5 Ways to Help Your High School Senior Get Ready for College

Going off to college is a right of passage for approximately 62 percent of high school seniors. But not every high school senior is ready for college. And this often leads to havoc once these students arrive on campus and become immersed in life away from home. So, before your student leaves for college, it is essential for them to know how to manage their time, learn from mistakes, and perform not-so-basic basic tasks like doing laundry and calling in a prescription for medicine.

As we head into college decision days, GAMECHANGER Tutoring Connection would like to offer 5 suggestions that will help your high school seniors get ready for college.

  1. Teach your students how to manage their basic healthcare needs and make doctors’ appointments. This seems so basic. Yet, making a doctor’s appointment requires time management skills, an understanding of needs, gathering the necessary information before making the appointment, and a realization that they need to get somewhere. From choosing a provider to making sure that your students have a copy of their insurance cards and knowing what questions to ask and what information to give when you make the appointment. Students should remember to take notes so that they can have a record of their conversation. Finally, students need to understand that making appointments often takes time, as they might be placed on hold or the call might take longer than they anticipated.
  1. Teach your students to manage their finances. Financial literacy is not taught in high school. Therefore, most students leave for college without an understanding of how to save and spend funds in an appropriate manner. This leads to two types of students – those who are frugal and afraid to spend any funds for basic necessities and those who are frivolous and overspend, leaving them without funds for necessities. Before your students leave for college, teach them how to manage a budget. Discuss how much money they have in their total budget for a three month period. Talk about how they can divide it up into a weekly “allowance.” This will give your students a sense of the cost of living and how they can appropriately and effectively budget their money. 
  1. Teach your students how to organize their free time. College students have a lot more free time than they ever did in high school. Hopefully, they will use this time to grow as individuals. Some of this free time should be devoted to exploring new interests – joining clubs, pursuing part-time jobs and research opportunities. Yet, this also means that students must learn to organize their free time. They must figure out how much time they need to spend studying. It is estimated that for every hour students spend in class, they should spend approximately two hours studying the class’s curriculum or doing homework. This means that a student has to slot out approximately 16 extra hours of study time per week when taking four classes. Thus, students must carefully plan their weeks to incorporate study time, making sure that they can stay focused and motivated outside of class.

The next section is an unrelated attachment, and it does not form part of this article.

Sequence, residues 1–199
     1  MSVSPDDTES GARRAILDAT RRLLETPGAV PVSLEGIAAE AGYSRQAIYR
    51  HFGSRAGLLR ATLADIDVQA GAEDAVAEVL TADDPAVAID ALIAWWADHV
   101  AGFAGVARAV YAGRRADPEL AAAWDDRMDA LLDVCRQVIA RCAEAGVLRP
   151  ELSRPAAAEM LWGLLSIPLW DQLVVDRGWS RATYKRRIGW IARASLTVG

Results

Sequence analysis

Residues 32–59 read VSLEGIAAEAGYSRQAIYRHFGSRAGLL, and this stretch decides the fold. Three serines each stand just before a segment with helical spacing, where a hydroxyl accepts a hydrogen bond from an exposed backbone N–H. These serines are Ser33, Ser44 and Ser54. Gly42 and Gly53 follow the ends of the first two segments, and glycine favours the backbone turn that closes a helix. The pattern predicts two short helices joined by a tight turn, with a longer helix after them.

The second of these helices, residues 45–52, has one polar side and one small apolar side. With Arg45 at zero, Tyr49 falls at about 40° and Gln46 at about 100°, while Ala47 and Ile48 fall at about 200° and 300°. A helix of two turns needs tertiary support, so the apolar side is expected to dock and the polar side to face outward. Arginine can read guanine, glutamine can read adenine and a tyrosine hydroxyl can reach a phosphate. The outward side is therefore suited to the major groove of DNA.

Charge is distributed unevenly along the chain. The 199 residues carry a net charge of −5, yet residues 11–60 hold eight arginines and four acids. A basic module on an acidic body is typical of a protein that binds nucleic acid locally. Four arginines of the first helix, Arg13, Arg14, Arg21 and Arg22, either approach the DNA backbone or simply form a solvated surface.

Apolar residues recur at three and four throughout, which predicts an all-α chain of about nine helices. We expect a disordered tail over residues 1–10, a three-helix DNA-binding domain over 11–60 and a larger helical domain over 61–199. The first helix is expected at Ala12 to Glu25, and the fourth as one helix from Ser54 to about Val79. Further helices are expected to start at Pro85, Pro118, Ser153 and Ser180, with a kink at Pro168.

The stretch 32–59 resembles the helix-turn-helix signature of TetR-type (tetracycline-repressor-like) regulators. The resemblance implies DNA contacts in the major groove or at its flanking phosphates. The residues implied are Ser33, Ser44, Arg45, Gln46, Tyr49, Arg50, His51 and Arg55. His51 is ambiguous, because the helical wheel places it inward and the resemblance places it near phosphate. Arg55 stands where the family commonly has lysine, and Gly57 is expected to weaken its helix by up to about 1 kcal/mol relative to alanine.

1. Teach your students how to do laundry. Don’t put a red shirt in with white pants. Don’t wash jeans in hot water. Teaching students to do laundry is an essential life skill. It teaches them to be responsible for their own belongings and to learn to evaluate when to clean their clothing. It shouldn’t be a difficult task, but it is a task that students must learn before they go off to college. 
  1. Teach your students to recover from mistakes. Develop an open and non-judgemental relationship with your students so that they feel comfortable talking openly about their mistakes. Share your own mistakes, and the lessons you learned, with your students so that they feel more comfortable sharing with you. Encourage your students not to dwell on their mistakes. Validate their emotions, their feelings of disappointment, sadness, and even anger. But it is important to be forward looking. Therefore, reframing mistakes as opportunities for learning is essential to teaching students how to recover from their mistakes. 

Your students have studied in school for years to become academically prepared for college. Making sure that they also have essential life skills to be successful in their new environments will be key to their success.


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